'Ramgarh crater' caused by meteorite impact, claim experts

Since the 19th century, Ramgarh Crater has evoked the interest of geologists and now a team of scientists is in Rajasthan's Baran district to solve the mystery of its origin and believe they have evidence to prove it was caused by meteorite impact.

With a diameter of 3.2 kilometre and elevation of more than 200 metre above the surrounding terrain, it was first discovered by the Geological Survey of India in 1869.

Nearly a century later in 1960, it was recognised as a 'Crater' by the Geological Society of London.

A four-member team from Geological Survey of India and National Trust for Art and Culture Heritage central office, New Delhi, visited the site to collect evidence related to the origin of the crater in Ramgarh village of the district.

"A huge meteorite of about three kilometres diametre about 75,000 crore years ago is likely to have fallen here creating a trench of about 4 km diameter," Prof Vinod Agrawal of the team said.

According to experts, there are two recognised craters in India - Lonar Lake in Buldhana district of Maharashtra and another in Shivpuri district of Madhya Pradesh.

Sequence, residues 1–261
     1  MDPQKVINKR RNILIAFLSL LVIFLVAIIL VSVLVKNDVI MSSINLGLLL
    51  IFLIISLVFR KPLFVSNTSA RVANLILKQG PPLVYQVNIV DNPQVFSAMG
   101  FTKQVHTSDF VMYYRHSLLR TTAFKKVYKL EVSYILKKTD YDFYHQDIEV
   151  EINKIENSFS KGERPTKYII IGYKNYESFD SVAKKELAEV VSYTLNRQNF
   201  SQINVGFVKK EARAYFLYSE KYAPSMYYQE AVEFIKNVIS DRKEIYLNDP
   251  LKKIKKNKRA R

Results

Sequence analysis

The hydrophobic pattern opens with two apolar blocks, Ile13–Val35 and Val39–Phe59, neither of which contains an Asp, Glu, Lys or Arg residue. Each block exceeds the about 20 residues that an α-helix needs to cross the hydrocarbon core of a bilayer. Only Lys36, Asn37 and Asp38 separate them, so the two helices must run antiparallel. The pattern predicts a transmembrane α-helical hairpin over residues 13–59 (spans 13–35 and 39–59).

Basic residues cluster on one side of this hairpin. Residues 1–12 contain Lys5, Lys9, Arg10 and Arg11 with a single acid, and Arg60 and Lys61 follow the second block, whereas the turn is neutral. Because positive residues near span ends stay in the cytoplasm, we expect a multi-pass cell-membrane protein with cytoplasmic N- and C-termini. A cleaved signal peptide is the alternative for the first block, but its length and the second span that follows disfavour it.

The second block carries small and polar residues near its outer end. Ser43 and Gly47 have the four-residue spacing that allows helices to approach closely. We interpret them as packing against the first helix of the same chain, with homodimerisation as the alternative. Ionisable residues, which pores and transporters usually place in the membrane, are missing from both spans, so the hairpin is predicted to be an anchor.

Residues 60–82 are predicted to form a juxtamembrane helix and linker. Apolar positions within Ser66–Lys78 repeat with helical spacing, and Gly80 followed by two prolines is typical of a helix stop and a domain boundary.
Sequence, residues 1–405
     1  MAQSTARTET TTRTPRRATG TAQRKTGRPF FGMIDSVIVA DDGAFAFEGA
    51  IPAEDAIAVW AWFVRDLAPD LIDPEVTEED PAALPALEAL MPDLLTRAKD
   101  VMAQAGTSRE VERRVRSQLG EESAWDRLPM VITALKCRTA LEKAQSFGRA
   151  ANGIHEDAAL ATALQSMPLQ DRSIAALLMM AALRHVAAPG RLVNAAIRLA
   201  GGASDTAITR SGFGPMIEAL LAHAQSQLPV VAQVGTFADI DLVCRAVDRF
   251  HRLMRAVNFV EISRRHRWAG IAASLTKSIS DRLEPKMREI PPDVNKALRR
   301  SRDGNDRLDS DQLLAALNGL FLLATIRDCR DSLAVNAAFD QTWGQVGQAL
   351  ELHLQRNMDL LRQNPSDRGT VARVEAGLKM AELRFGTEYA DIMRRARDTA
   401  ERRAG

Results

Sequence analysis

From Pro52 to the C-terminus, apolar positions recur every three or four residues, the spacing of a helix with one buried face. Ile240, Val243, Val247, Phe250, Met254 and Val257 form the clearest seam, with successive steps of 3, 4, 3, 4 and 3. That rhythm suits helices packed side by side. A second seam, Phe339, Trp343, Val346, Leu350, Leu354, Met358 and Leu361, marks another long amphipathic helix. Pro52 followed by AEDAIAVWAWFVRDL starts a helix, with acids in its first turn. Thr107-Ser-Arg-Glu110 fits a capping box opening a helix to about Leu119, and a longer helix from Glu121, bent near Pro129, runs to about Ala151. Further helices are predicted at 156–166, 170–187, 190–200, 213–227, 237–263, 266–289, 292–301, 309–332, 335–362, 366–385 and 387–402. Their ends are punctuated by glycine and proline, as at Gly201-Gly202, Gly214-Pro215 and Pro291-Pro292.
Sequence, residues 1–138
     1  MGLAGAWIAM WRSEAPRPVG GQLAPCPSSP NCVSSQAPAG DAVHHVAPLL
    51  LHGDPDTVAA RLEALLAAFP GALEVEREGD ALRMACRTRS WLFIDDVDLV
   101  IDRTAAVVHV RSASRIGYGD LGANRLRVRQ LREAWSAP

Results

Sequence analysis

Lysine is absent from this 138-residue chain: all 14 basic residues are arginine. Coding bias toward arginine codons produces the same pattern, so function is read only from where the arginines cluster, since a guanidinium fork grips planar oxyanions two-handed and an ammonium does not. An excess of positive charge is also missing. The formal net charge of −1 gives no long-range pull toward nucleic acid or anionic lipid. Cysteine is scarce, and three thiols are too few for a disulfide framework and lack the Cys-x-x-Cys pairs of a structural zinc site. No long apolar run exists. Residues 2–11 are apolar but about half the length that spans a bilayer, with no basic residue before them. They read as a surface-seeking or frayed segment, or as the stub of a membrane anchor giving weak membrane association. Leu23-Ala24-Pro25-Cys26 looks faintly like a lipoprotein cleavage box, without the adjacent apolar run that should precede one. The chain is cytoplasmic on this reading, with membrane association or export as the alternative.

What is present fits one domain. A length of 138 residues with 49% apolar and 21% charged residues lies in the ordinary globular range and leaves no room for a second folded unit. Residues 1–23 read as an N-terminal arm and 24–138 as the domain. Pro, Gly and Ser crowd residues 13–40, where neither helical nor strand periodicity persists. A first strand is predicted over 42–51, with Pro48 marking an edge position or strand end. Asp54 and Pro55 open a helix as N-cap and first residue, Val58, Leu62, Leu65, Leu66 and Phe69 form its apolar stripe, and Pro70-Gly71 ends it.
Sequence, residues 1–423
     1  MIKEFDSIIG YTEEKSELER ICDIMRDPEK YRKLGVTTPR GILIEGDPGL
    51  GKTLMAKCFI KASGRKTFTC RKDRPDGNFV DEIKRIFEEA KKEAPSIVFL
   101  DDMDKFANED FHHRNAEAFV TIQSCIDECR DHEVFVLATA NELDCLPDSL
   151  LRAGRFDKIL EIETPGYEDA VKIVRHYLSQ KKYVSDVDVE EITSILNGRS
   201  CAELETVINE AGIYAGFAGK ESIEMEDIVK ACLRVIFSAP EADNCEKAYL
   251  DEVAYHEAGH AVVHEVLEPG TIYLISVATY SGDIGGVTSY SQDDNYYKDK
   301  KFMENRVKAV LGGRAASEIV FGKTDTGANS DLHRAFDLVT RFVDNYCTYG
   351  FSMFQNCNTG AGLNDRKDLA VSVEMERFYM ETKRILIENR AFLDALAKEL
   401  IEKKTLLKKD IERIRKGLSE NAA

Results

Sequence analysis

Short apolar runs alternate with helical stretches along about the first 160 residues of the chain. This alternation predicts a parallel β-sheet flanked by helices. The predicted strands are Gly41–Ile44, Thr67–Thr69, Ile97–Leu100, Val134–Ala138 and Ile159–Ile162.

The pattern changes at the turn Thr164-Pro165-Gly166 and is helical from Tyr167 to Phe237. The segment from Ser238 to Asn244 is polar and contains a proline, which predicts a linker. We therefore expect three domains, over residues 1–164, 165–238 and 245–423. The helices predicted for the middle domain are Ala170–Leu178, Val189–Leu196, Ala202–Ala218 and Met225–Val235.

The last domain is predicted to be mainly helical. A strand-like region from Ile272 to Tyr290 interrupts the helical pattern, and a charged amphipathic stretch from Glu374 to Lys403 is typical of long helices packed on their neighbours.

"The centrally uplifted region of Ramgarh Crater is a live evidence of meteorite impact and is an ideal location as per well-established and internationally-approved criteria for meteorite presence," Agrawal said.

There are several other evidence in Ramgarh structure that will prove the meteorite impact theory, he added.

Pushpendra Singh Ranawat, geologists and coordinator of the team, said it was a very rare site in India and has got multi-faceted significance that include geo-heritage aspect.

"It is a general presumption that when something falls, it makes equal and opposite reaction and the centrally uplifted region of Ramgarh structure is an evidence of meteorite impact beyond challenge," Ranawat said.

He said the process for getting the structure recognised has been started and it is almost certain that Ramgarh Crater would soon get recognised by global agency in Canada as 191st crater in the world, third in India and first in Rajasthan.